Iron Law of Bureaucracy

Last week I wrote:

One can build a very good predictive model of government agency behavior if one assumes the main purpose of the agency is to maximize its budget and staff count.  Yes, many in the organization are there because they support the agency's public mission (e.g. protecting the environment at the EPA), but I can tell you from long experience that preservation of their staff and budget will almost always come ahead of their public mission if push comes to shove.

Despite being a Jerry Pournelle fan, I had never heard his Iron Law of Bureaucracy, but it certainly fits my observations

Iron Law of Bureaucracy

In any bureaucracy, the people devoted to the benefit of the bureaucracy itself always get in control and those dedicated to the goals the bureaucracy is supposed to accomplish have less and less influence, and sometimes are eliminated entirely.


  1. Jim Collins:

    Long time ago I was watching the original movie "The Blob" and figured out my law of bureaucracy.

    Unless something stops it a bureaucracy will expand and consume all of the resources that it can access.

    I figured this out when the Federal Government built a new office building in Jacksonville, Florida in the 80's. They built a 10 story building when they only needed 5 stories. Their reasoning was that it would be cheaper to overbuild than to build a new building later. By the time that the new building opened two years later, it was too small.

  2. NL7:

    It's not surprising that the idealistic people focused on fixing the world are outmaneuvered by the cynical people focused on preserving their jobs and status. The idealists are very likely not paying attention, running around trying to provide services or whatever, oblivious to the subtle rule changes and hiring decisions of the cynics. After a while, the outfit is operated under cynical rules which often sacrifice the sharpest edges of the idealistic mission, in an attempt to be less controversial and less of a target for politicians. Then it will be staffed by cynical hires, who are not as interested in working long hours for idealism. A number of the cynics will leave for high-paying jobs in lobbying or private industry, which perpetuates the sense that the outfit is a stepping stone to better things, not a place for idealism.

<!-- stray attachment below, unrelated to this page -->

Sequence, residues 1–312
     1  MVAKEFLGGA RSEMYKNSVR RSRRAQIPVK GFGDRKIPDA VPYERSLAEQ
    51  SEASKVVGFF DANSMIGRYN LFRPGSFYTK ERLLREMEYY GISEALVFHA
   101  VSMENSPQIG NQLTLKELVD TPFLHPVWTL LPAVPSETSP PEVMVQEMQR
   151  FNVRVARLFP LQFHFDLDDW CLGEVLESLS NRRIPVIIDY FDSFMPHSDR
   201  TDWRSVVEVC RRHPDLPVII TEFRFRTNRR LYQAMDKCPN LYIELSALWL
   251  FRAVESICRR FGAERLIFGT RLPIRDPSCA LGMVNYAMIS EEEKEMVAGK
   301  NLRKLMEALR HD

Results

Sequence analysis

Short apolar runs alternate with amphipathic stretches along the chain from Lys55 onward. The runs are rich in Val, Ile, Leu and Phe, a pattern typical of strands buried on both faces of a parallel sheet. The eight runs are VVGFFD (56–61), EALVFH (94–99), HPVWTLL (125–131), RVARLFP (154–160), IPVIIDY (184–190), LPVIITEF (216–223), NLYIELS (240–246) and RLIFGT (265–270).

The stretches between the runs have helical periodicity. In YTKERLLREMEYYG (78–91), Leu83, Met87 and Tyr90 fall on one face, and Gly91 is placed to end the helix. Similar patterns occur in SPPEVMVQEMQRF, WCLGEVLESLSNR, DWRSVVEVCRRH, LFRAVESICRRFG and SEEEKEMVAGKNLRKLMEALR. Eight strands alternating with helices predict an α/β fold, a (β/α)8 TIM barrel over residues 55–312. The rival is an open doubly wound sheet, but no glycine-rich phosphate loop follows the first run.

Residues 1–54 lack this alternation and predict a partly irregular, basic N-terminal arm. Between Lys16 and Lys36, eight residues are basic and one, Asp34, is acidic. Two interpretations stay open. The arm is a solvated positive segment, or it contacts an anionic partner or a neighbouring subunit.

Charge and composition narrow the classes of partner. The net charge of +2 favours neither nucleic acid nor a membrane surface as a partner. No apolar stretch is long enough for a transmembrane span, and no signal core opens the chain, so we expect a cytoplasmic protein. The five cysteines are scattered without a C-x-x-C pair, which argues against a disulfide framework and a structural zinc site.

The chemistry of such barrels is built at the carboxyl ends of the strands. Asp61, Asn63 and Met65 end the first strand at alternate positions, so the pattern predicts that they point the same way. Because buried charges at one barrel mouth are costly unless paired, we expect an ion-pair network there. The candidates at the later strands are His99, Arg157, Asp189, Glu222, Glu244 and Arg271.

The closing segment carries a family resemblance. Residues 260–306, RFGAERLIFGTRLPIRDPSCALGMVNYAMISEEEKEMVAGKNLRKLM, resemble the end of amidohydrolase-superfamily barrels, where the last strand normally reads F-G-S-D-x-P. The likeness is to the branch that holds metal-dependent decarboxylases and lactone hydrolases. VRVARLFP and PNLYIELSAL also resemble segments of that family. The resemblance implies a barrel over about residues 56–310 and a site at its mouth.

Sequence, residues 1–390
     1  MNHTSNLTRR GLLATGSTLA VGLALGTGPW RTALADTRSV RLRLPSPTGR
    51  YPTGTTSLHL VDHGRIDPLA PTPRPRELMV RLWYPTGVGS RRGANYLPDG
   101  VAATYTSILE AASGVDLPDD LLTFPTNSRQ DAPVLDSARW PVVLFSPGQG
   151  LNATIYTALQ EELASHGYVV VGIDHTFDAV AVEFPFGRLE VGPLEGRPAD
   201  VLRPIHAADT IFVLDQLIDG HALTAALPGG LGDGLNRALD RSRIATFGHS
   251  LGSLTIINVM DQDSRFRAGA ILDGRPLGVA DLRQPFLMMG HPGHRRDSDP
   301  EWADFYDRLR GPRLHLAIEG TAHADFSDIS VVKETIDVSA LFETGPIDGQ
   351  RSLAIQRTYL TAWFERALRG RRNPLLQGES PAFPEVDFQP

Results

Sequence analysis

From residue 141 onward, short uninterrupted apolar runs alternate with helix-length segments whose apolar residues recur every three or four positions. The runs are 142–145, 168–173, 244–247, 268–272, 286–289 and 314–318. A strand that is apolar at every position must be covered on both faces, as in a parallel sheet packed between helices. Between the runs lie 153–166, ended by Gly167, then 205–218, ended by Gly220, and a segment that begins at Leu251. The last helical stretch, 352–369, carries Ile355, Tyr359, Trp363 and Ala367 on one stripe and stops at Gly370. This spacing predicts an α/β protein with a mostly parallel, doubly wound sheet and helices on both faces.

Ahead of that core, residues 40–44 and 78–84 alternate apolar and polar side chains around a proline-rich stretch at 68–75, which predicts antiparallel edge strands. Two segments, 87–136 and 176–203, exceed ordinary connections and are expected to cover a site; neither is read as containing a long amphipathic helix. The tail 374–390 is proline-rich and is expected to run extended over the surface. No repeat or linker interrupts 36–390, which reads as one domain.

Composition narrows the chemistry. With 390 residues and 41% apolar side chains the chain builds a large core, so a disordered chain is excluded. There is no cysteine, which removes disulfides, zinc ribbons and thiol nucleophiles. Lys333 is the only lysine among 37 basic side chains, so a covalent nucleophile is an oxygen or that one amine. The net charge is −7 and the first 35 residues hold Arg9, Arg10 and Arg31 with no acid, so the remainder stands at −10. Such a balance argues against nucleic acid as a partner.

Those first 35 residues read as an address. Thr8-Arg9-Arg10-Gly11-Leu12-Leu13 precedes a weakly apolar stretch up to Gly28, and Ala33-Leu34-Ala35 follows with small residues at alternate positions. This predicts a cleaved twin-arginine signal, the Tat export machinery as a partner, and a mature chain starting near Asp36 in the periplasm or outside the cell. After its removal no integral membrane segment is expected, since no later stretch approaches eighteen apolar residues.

Eventually, it's no fun being an idealist in a cynical workplace, and the idealists move on or drop their expectations. It gets difficult to tell the difference between a battered idealist and a cynic with the sheen of idealistic cognitive dissonance (i.e. idealism for the sake of fooling yourself). Taxing authorities are rife with characters displaying their wry, sardonic wit and perversely embracing their outcast status.

    The CFPB is at the beginning of this curve, having just been started by Warren and Obama a few years back. It'll be interesting to see how long it takes to become a stepping stone to lobbying or the financial industry.

  3. STW:

    Don't forget Parkinson's Law - "work expands so as to fill the time available for its completion". In the context of a bureaucracy, however, expanding work (or making work) will eventually require additional resources. These resources will, in turn, make work for themselves, resulting in a further need for resources. I read once that the natural growth rate in this instances is 2% a year (or doubling every 35 years). That seems unduly optimistic.

    Parkinson's Law of Triviality is also worth checking out.

  4. mesocyclone:

    Pournelle doesn't have the only law of bureaucracy... see:

  5. sean2829:

    Living in the Baltimore-Washington region it was interesting tracking the impact of the sequester here near agency HG's vs. out in th field. I think most departments took a 3-5% cut in their budgets. There were almost no job losses by government bureaucrats, some job losses or cutbacks by contractors but often a quarter to a third loss of benefit or services by the needy.

  6. mlhouse:

    I call mine the "Barney Effect". When public bureaucracy is faced with even minor budget "reductions" (usually meaning that they are not getting as much of an increase as they want) they always put the most popular programs on the cutting block, not the most wasteful. When the Corporation for Pubic Broadcasting was facing minor budget cuts that is what they screamed "Then we will not be able to air Barney or Sesame Street." In the private sector any executive that responded to a needed spending cut that way would be fired.

    But in the public sector this is apparently acceptable. And the reason it is is that it is effective. It changes the political argument to one they can win.

    I like Carly Fiorina as a candidate. I think she could make a jump up in the race by touting her executive experience by proposing a policy that she will seek a 2% cut in all budgets and will demand the head of each agency to propose those cuts with the caveat that if they try the "Barney Effect" she will fire them on the spot.